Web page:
We hold these truths to be self-evident, that are men are created equal. These words from the preamble of the Declaration of Independence have been stuck in my mind lately. As a little girl, I had thoughts about the year 2020 would be. I envisioned a world much like the cartoon The Jetsons, full of technological advancements and flying cars. I also envisioned a world where “little black boys and girls will be holding hands with little white boys and girls,” as described in the dream Dr. Martin Luther King Jr. so eloquently described in his famous speech. I remember sitting in class reading that and imagining this world he audaciously dared us to dream about. A world deeper than just being created equal, a world where we could be treated equitably.
While equality is well and good, equity is providing each person with what they need to be successful, with freedom from bias or favoritism. The murders we have watched play out across our televisions and social media this year have shown us that we are living in a world that is far from equal and certainly not equitable. While it was encouraging to see the consciousness of America awaken over the summer, consciousness and awareness alone will not be enough in and of themselves to make real sustainable changes that will allow us to make the preamble true or Dr. King’s dreams become reality. First, we have to dedicate ourselves to making changes within our sphere of influence.
When committing to creating equity, we should take the following steps:
While we may never have a reality that looks like that of the Jetsons, it is beyond time to create a world that truly treats all people as equal, one where Jews and Gentiles, Native Americans, and Black boys and girls can stand together singing “free at last,” one where my son is more likely to go to college than to jail, and one where a routine stop by a police officer does not end in death for Black people. Through evaluation, planning, and coming together, we can create just and equitable schools, communities, cities, states, and a nation.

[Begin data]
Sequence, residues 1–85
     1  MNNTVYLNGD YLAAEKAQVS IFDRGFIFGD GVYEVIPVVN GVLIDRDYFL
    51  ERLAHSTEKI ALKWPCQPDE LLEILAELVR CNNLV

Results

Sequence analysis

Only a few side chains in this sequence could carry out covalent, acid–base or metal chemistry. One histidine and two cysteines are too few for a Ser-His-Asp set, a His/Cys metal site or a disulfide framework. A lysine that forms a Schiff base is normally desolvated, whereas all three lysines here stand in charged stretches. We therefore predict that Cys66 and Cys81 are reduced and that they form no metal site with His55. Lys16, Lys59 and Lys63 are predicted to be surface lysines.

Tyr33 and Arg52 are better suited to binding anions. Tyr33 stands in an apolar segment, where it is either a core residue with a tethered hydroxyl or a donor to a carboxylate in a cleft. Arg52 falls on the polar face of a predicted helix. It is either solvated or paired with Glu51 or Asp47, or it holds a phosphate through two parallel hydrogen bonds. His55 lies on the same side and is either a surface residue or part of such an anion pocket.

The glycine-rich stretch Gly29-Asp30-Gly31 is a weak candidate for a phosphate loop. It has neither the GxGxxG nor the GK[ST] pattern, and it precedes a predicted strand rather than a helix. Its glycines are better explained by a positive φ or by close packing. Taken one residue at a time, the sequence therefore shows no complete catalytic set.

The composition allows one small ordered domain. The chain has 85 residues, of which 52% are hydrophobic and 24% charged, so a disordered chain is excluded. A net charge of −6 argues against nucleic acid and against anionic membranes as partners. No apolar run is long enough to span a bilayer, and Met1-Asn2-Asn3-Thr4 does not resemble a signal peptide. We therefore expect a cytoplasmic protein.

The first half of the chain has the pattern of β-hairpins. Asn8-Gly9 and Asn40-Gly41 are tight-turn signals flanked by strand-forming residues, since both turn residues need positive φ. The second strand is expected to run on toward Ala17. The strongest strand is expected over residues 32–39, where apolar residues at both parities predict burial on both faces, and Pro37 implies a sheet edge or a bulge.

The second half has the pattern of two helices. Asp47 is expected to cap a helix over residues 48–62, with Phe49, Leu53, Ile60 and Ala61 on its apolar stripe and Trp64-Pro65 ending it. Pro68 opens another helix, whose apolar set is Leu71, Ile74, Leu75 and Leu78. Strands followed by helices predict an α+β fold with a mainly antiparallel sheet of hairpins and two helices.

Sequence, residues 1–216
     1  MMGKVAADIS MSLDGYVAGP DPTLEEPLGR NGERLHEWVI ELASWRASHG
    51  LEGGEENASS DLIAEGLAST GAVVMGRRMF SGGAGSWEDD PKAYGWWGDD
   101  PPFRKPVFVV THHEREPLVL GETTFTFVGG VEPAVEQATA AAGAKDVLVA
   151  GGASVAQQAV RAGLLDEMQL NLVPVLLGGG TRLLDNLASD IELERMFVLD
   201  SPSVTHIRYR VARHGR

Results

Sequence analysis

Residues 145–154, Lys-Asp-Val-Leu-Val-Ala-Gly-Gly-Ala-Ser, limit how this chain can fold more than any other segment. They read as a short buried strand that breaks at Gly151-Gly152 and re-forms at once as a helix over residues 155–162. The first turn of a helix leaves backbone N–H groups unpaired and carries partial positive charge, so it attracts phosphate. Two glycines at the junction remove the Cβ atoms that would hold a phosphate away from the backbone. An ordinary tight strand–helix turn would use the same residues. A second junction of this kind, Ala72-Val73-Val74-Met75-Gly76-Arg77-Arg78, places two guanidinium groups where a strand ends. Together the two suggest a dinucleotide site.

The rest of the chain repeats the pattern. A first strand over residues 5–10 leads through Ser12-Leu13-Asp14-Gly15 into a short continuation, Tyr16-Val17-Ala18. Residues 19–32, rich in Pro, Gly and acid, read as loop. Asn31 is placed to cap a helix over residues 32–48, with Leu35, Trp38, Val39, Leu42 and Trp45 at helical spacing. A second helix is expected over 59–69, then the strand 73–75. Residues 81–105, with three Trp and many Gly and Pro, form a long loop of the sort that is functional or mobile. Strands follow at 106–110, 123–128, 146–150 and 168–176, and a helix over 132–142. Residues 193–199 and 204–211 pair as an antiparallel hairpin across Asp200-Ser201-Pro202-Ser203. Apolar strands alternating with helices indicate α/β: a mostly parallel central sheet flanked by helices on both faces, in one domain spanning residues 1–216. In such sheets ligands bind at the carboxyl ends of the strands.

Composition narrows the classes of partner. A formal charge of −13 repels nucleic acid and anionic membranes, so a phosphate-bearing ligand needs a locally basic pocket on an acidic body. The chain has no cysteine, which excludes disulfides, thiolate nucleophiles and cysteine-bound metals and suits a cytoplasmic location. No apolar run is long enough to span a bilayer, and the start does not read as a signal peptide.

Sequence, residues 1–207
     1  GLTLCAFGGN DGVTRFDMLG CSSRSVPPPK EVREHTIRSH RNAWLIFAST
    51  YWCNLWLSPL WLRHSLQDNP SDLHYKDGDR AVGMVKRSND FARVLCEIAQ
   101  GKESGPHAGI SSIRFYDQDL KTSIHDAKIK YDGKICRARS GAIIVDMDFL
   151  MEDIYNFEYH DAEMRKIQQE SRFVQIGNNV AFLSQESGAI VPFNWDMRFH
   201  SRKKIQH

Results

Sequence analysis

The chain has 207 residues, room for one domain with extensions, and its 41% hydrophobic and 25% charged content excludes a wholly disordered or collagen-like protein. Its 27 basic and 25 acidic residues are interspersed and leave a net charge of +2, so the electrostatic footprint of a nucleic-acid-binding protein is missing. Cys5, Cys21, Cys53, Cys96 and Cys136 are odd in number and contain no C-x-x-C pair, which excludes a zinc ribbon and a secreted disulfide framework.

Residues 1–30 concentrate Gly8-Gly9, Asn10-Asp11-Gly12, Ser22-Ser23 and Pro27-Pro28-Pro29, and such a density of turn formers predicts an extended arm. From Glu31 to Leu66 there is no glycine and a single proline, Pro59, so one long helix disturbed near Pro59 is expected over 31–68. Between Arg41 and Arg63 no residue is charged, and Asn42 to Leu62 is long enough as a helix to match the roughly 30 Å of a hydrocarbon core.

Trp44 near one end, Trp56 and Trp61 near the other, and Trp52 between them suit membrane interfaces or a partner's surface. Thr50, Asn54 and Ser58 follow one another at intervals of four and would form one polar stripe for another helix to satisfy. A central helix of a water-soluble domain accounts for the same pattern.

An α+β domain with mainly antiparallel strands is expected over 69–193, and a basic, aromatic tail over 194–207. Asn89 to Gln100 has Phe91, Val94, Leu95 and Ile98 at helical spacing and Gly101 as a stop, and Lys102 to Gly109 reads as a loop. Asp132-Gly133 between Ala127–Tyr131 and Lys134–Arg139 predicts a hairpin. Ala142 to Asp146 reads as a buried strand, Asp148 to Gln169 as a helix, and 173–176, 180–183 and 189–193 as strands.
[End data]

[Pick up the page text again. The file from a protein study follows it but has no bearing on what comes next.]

Kelisa Wing has been in education for 14 years. Her journey into the teaching profession began after she was honorably discharged from the United States Army. She served as a Youth Consultant for the Self-Expression Teen Theater (SETT) under the United Way in Toledo, Ohio. After moving to Germany with her family, she began substitute teaching, then transitioned to a Special Education paraprofessional, was a school secretary, and eventually, an Administrative Officer. She then taught 8th-grade Language Arts and Reading to military-connected students at Faith Middle School in Fort Benning, Georgia, has been an Elementary School Assistant Principal in West Point, New York, and is now a Professional Development Specialist in Virginia. Kelisa honorably served in the U.S. Army for six years and attained the rank of Staff Sergeant. She is the author of ‘Conversations’ (2006), ‘Weeds & Seeds: How To Stay Positive in the Midst of Life’s Storms’ (2017), ‘Promises and Possibilities: Dismantling the School to Prison Pipeline’ (2018), ‘If I Could: Lessons for Navigating an Unjust World’, and a contributing author of ‘Becoming a Globally Competent Teacher’ (ASCD, 2019).
She is a 2017 State Teacher of the Year, a 2016 Association of Supervision, Curriculum, and Development (ASCD) Emerging Leader, and the 2017 University of Maryland University College (UMUC) Edward Parnell Outstanding Alumnus of the Year. She is the only educator on the Education Civil Rights Alliance (ECRA) Steering Committee, and a member of the Leading Educator Ambassadors for Equity (LEAE) with the ECRA. As a member of the National Network of State Teachers of the Year (NNSTOY), she has led efforts for mentoring teacher leaders through a partnership with 100Kin10, and she is also a member of ASCD. She is also on the Advisory Board for the Learner Variability Project (LVP) & Digital Promise, ASCD’s Global Advisory Council, and the ASCD College Football Playoff Foundation (CFP) Diversifying the Teacher Pipeline Working Group. She speaks both nationally and internationally about discipline reform, equity, student engagement, and many other topics Kelisa holds a bachelor’s degree in English from UMUC, a Master of Arts in Secondary Education, and an Educational Specialist degree with a concentration in Curriculum, Instruction, and Educational Leadership from the University of Phoenix. Kelisa credits her faith in God, and His grace, favor, and mercy as the key to her success. Kelisa lives in Northern Virginia with her husband and children.
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